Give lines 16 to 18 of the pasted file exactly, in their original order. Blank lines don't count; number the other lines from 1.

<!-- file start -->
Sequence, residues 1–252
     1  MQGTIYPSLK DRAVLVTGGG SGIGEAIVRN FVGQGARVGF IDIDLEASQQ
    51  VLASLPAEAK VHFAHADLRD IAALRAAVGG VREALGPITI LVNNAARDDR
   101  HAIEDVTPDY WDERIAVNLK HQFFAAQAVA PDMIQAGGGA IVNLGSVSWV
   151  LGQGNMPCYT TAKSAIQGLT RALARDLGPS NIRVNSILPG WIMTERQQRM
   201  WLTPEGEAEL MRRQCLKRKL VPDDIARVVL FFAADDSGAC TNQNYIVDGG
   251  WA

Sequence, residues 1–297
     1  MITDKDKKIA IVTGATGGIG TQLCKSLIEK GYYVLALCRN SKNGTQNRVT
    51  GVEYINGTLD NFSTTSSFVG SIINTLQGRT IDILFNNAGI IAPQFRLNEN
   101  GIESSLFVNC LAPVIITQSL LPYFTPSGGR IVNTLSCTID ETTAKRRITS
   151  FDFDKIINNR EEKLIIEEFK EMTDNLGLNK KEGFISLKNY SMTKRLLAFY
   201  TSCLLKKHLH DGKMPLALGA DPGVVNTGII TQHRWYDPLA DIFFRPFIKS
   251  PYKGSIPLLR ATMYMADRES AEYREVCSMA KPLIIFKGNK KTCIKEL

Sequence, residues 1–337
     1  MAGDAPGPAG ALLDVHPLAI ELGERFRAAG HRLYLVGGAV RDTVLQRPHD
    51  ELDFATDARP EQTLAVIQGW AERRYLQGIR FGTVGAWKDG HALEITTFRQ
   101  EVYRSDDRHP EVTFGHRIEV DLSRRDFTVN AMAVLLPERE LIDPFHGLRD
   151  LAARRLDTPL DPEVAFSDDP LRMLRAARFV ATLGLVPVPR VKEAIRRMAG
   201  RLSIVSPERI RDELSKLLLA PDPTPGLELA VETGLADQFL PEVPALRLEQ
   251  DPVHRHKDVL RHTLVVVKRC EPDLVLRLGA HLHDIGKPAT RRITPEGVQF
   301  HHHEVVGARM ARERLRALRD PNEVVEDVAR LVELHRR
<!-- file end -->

     1  MAGDAPGPAG ALLDVHPLAI ELGERFRAAG HRLYLVGGAV RDTVLQRPHD
    51  ELDFATDARP EQTLAVIQGW AERRYLQGIR FGTVGAWKDG HALEITTFRQ
   101  EVYRSDDRHP EVTFGHRIEV DLSRRDFTVN AMAVLLPERE LIDPFHGLRD